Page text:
A God Corrected Vision

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“Where there is no vision, the people will perish,” Proverbs reminds us. Vision is one of the five human senses, but is also one of the guiding forces in the lives of believers and congregations. Without vision and insight, people would easily drift aimlessly with little purpose. There are times when vision appears less perfect. Often, when vision is limited or impaired, individuals or churches limit themselves to familiar areas and practices.

Many suffer from near sightedness and far sightedness. Others develop astigmatisms and cataracts that obstruct and distort viewed objects. For individuals, vision challenges can often be corrected or improved by prescriptive eyewear or surgery. With congregations, it is usually more difficult to detect loss of vision. Therefore, the process of discerning a church’s vision acuity is typically lengthy and viewed as an arduous task. Is it not ironic that both individuals and congregations periodically need to have their vision checked? Over a period of time, we all need new God Corrected Vision.

Vision is one of the guiding forces in the lives of believers and congregations. When vision is limited or impaired, individuals or churches limit themselves to familiar areas and practices.

Loss of focus or visual acuity can cause challenges when viewing things. Diminished vision also causes congregations to miss demographic or paradigm shifts in their communities. Churches viewing their setting and the world through weak focused eyes grow tired and weary and frequently fail to recognize cultural and environmental changes in their midst, thus missing ministry opportunities. Also, limited vision can adversely influence ministry, programming, growth, and financial resources.

Unfortunately, fear and complacency are two of the major causes of poor vision in congregations. At various points in the life of a congregation, the lens through which the community is viewed needs to be re-focused or corrected. God will correct or re-focus our vision if we seek and discern God’s will for us. Periodic vision examinations are essential to identify problems so they can be addressed.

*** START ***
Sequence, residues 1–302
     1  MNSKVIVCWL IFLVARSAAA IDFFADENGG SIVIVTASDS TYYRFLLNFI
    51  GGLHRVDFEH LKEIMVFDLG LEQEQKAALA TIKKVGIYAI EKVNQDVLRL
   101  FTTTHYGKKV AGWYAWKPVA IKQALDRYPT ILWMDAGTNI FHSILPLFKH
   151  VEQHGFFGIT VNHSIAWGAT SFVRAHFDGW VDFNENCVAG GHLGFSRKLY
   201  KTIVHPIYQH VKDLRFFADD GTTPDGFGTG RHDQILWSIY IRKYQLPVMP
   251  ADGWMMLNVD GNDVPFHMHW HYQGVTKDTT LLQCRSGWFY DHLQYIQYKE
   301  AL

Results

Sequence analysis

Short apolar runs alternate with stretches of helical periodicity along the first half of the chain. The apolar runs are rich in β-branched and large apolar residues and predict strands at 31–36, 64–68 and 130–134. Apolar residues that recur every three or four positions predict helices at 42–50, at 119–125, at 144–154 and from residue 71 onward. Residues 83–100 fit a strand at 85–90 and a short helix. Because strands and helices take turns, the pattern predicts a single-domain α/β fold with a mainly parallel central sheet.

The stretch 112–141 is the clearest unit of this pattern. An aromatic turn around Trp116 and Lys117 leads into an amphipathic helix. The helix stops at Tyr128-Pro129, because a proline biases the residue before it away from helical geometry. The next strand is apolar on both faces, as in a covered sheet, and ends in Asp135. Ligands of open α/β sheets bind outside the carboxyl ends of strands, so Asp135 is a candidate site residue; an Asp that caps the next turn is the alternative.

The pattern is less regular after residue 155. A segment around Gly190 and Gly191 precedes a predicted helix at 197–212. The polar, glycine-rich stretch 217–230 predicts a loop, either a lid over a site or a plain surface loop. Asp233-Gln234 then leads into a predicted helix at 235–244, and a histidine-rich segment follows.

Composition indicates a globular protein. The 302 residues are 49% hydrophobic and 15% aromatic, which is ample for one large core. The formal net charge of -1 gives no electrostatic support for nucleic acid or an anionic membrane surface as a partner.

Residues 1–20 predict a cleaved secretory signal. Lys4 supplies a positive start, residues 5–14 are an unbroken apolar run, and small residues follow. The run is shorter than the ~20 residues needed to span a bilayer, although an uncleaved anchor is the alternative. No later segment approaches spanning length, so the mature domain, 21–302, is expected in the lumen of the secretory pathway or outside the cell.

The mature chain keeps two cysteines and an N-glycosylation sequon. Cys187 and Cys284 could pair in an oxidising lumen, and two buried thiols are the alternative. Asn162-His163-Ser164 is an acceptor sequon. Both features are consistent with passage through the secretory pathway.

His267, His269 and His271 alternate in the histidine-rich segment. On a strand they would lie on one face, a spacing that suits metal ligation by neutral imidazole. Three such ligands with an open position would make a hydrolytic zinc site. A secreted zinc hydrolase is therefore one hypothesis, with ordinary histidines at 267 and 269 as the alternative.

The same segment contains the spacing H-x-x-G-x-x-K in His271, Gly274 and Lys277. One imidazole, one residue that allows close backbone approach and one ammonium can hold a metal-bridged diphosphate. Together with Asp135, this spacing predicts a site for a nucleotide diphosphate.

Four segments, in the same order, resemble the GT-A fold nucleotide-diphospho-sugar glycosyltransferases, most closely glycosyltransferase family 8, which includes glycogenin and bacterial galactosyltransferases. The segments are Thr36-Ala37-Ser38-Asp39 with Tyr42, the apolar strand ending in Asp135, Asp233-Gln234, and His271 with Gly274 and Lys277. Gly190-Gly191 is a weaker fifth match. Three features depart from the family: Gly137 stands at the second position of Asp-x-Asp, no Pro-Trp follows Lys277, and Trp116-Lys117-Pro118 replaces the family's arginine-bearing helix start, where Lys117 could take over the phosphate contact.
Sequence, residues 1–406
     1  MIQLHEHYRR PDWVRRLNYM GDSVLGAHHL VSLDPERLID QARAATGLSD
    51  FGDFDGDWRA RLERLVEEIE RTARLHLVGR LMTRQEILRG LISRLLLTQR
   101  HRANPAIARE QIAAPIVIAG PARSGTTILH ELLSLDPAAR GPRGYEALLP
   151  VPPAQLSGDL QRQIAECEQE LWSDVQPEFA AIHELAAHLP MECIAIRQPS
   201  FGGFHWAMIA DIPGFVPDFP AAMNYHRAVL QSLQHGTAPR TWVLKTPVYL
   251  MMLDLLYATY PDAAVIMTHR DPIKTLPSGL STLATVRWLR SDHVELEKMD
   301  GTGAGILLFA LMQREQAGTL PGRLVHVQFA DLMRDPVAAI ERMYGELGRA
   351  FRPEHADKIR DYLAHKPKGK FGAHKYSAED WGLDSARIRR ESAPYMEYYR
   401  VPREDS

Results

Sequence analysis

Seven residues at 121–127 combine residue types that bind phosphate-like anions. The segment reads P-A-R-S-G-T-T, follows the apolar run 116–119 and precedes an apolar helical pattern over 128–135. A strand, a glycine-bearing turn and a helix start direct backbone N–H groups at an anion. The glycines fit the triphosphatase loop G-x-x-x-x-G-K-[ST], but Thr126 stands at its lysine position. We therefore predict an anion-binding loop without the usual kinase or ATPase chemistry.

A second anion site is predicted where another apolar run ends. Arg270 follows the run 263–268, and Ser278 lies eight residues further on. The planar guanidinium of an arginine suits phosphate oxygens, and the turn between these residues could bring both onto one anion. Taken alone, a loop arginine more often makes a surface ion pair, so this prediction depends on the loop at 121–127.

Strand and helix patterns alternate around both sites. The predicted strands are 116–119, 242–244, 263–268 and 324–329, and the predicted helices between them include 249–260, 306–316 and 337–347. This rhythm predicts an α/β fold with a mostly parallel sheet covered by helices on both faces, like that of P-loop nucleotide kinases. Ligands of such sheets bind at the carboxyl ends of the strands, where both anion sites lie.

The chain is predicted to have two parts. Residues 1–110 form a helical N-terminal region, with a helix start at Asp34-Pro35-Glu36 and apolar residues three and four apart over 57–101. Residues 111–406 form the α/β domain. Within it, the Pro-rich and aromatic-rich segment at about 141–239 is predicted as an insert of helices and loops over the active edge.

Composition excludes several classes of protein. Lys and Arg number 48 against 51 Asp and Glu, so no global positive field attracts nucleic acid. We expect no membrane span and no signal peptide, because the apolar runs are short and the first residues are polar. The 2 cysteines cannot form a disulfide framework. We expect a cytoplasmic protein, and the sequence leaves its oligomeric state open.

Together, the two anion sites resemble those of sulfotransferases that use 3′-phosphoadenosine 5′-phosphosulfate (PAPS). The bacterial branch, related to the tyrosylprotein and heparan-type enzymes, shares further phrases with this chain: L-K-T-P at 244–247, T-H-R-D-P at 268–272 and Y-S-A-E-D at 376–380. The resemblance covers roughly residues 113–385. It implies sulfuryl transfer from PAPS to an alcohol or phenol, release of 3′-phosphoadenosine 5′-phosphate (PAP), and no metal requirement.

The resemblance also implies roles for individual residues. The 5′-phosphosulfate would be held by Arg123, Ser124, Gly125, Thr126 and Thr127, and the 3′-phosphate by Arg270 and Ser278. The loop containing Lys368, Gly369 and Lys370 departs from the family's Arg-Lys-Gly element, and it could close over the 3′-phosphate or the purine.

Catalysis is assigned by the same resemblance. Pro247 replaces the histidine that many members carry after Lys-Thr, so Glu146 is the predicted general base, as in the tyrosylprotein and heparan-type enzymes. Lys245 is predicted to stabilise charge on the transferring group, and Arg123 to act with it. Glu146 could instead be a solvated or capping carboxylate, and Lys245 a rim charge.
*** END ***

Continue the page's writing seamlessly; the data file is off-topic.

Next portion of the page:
Common characteristics of thriving ministries are that they possess both visionary leadership and a focused vision. The vision is clear. The vision is also preached, promoted, and placed into practice. Vision in growing congregations serves as a guide for the membership and ministries of the church and is well known by all.

Perhaps it is time for congregations to have periodic vision checks. A God corrected vision will ensure that congregations focus on life transforming ministry. Corrected vision provides congregations with a new lease on ministry. Churches with little vision tend to struggle over time to maintain viable ministry. With new vision comes discovery of new mission fields and ministry opportunities. It is true that where there is no vision, the people perish. It is also true that where there is a Godly vision, the people flourish.

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About Author

Melvin Amerson is Senior Area Representative and Resource Specialist with the Texas Methodist Foundation (TMF)and author of Stewardship in African American Churches and co-author of Fruit for Celebrating the Offering (both from Discipleship Resources). He is also a board member of the Ecumenical Stewardship Center.


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